This is Texas Originals. From Humanities Texas, for the advancement of heritage, culture, and education.
Empresario Martín De León founded the city of Victoria and played a key role in settling the Texas Coastal Bend.
De León was born in 1765 to an aristocratic family in Burgos, Mexico. After serving as a soldier, De León married and planned to settle his new family in Texas. In 1801, the couple began building a ranch along the Nueces River near present-day San Patricio.
When Mexico began issuing empresario contracts to attract settlers, De León saw an opportunity to ensure that his children could establish ranches of their own. In 1824, he founded a colony centered on the new city of Victoria. De León oversaw the only empresario grant to attract large numbers of settlers from Mexico rather than the United States.
As tensions rose between Anglo American colonists and the Mexican government, De León forged a neutral path—although he and his family supported local control in Texas affairs.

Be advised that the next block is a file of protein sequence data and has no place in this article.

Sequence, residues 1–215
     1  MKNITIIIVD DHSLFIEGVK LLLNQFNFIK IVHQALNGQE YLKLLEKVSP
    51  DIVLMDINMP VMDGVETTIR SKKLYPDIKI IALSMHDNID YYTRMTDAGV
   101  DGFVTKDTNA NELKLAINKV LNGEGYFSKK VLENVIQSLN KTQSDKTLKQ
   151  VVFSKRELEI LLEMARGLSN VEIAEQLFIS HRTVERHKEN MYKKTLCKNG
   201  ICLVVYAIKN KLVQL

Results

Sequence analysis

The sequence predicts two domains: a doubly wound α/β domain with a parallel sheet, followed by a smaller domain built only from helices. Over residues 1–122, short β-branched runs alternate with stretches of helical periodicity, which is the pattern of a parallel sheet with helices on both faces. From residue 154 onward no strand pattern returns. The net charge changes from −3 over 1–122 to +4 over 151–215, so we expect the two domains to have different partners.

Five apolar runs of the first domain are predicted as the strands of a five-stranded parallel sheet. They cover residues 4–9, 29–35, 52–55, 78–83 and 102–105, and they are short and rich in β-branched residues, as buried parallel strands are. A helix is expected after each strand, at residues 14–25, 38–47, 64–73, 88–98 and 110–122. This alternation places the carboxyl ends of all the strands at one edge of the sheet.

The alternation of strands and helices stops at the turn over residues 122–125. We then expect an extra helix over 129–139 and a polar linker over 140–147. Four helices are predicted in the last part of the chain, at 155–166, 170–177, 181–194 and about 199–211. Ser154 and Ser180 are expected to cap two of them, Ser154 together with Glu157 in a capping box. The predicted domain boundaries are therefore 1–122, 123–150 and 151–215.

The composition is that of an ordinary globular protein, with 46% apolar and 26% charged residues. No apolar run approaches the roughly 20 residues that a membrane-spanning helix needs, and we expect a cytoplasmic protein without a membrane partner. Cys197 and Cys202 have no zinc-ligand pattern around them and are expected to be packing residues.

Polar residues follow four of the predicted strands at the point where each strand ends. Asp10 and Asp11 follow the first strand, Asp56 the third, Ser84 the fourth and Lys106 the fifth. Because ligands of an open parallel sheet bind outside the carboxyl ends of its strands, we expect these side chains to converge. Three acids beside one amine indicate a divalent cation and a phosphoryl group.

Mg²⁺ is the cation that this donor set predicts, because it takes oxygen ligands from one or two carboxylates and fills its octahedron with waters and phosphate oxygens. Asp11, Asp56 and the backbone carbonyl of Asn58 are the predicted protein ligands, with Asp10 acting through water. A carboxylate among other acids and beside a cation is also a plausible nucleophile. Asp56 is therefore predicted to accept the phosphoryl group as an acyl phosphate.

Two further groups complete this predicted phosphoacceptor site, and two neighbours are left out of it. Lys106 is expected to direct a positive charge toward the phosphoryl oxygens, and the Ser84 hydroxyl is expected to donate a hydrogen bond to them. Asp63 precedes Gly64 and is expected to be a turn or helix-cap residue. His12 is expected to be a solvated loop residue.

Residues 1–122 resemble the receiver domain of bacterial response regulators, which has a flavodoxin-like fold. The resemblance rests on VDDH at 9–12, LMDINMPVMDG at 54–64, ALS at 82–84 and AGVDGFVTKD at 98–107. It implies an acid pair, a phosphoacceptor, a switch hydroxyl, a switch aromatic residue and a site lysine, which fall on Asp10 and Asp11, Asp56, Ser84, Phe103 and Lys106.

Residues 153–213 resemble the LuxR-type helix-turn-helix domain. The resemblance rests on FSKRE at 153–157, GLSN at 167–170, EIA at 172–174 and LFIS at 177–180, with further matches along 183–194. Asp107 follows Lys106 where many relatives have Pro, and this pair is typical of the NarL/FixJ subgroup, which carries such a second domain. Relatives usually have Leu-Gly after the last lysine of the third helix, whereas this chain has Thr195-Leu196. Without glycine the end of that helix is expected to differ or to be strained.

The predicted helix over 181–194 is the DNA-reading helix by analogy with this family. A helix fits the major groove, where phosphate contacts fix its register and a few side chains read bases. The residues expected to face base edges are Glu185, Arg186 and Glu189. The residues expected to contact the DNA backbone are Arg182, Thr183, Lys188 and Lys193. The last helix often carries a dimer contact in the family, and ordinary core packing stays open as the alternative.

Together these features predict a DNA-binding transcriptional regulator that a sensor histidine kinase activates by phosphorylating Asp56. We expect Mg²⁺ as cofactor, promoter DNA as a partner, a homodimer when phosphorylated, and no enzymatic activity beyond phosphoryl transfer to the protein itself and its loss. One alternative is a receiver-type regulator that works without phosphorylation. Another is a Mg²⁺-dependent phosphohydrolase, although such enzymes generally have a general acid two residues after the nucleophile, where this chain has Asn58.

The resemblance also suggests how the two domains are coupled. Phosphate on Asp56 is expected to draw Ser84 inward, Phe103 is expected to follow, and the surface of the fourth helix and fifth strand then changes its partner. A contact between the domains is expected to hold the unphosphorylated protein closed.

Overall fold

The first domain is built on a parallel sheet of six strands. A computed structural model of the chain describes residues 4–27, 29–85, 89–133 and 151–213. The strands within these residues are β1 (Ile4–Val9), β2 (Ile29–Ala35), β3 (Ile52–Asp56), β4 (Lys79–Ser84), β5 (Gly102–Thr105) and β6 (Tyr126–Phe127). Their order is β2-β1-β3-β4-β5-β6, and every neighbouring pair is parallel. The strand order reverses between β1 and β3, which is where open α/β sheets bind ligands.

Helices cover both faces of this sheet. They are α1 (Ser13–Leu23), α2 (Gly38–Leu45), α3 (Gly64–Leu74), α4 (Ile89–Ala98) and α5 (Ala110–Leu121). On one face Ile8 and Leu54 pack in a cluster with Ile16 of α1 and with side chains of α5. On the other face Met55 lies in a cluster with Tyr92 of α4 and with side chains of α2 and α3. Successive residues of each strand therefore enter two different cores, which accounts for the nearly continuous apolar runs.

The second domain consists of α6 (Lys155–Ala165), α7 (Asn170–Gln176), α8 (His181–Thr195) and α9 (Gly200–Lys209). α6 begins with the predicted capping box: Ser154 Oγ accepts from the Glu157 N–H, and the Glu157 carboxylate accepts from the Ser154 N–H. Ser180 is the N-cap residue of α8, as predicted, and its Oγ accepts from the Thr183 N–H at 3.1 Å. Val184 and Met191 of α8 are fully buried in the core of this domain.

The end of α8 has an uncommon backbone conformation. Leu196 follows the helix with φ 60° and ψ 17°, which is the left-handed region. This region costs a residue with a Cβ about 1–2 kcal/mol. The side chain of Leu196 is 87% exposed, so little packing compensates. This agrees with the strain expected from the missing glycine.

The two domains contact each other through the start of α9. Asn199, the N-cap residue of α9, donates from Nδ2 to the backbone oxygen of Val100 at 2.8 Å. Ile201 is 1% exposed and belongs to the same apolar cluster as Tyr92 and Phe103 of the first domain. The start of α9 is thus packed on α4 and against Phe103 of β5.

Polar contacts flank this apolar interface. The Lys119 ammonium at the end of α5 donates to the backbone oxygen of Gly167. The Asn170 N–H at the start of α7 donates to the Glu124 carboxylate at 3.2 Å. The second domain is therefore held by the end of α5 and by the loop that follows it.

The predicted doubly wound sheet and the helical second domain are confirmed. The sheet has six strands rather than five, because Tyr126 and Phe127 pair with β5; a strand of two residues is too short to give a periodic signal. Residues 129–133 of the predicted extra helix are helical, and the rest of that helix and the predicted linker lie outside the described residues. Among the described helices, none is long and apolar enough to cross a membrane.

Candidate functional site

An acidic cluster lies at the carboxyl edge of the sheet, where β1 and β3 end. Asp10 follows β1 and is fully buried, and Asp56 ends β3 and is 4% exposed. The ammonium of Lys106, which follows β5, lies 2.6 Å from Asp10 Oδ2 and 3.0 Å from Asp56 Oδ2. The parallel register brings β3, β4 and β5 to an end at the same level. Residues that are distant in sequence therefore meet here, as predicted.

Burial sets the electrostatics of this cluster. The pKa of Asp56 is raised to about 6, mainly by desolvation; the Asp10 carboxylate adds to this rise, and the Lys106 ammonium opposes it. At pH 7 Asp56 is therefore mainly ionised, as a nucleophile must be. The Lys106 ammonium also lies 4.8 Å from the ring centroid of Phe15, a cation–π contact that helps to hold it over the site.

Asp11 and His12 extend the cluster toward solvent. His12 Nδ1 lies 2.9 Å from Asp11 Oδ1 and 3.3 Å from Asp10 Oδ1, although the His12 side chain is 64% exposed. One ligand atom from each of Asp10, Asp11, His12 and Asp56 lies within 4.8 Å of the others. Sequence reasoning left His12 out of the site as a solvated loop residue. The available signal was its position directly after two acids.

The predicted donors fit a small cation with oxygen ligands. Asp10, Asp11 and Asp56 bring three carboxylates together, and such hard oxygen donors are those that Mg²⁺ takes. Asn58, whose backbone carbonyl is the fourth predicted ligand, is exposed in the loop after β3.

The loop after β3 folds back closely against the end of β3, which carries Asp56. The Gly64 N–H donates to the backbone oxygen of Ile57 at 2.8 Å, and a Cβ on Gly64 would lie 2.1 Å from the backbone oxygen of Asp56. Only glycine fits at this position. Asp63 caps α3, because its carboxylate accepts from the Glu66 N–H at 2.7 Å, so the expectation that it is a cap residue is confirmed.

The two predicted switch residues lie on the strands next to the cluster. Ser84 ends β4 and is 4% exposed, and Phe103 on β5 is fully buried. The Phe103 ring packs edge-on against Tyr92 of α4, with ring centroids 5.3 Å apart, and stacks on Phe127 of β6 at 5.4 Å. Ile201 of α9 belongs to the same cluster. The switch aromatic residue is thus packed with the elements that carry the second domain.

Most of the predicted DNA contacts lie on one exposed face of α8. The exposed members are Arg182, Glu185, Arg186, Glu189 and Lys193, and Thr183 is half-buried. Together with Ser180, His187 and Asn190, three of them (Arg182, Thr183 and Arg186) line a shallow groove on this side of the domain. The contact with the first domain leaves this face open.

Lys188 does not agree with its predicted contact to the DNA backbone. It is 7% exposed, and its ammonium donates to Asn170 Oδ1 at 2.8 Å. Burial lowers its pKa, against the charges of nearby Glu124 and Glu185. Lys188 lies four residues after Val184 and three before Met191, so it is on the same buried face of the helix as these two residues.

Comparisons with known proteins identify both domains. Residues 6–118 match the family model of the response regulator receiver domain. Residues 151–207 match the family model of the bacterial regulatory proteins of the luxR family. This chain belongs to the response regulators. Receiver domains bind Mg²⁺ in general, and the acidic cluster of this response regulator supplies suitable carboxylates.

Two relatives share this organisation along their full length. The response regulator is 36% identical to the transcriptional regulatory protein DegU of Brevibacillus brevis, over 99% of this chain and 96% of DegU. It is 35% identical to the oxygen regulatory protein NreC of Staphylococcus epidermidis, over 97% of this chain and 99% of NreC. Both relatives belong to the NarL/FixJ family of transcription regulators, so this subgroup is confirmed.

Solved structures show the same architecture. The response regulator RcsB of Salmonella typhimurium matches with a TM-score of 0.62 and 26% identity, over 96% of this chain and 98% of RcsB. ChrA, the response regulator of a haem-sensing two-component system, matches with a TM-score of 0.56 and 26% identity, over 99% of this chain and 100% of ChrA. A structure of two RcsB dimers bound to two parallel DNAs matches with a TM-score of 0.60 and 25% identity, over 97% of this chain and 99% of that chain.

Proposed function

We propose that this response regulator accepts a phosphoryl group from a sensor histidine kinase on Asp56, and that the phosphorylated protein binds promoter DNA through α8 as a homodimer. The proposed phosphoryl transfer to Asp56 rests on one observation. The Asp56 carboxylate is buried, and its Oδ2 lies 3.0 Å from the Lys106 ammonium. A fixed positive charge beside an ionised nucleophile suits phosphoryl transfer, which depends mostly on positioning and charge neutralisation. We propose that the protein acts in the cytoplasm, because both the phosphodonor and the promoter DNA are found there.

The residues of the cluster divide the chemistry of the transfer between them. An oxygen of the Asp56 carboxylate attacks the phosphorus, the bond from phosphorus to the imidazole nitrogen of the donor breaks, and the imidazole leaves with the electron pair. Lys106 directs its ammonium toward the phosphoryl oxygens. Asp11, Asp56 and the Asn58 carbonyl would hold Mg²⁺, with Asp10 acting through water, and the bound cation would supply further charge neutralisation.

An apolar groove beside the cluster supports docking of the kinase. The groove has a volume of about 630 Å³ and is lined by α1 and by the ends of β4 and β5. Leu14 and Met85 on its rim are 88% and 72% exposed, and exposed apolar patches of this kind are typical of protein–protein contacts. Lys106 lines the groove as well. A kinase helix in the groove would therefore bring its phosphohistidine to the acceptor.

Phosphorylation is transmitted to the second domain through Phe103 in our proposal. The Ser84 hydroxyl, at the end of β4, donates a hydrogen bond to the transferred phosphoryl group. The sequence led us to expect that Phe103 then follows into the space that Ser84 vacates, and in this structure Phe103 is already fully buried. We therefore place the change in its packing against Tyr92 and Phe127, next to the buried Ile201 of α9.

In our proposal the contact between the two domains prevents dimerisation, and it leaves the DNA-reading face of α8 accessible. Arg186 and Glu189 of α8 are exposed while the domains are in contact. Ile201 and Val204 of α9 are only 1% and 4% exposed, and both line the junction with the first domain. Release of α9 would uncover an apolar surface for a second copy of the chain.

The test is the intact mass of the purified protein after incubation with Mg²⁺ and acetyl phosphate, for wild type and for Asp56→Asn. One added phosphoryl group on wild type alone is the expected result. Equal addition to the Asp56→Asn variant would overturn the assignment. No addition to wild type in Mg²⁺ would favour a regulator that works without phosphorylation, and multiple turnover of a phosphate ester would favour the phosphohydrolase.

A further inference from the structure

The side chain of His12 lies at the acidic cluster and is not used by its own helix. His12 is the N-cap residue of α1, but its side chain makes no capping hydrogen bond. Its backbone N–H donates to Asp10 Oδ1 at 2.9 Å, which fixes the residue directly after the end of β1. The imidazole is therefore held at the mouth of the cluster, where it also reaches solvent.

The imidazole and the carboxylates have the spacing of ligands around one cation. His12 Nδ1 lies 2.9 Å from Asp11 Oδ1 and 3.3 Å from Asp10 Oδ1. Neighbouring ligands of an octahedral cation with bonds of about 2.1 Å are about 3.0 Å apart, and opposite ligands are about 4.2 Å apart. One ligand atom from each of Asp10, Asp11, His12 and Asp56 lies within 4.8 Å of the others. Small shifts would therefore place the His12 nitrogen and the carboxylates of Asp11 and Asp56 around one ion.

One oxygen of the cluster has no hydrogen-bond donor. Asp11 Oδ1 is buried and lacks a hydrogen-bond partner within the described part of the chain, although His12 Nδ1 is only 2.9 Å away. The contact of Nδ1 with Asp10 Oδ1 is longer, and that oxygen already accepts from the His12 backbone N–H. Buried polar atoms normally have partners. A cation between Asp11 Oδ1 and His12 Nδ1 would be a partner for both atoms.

De León died in the cholera epidemic of 1834, two years before the Republic of Texas was established. Though his family had sided with the victorious rebels, Anglos in the new republic made life difficult for their former Tejano allies. The De León family fled into exile in Louisiana, returning to the city they founded only after Texas's annexation to the United States in 1845.
More information about Martín De León and other Texas Originals is available at Texasoriginals.org. This program is produced by KUHF Houston Public Radio and Humanities Texas, with funding from the National Endowment for the Humanities.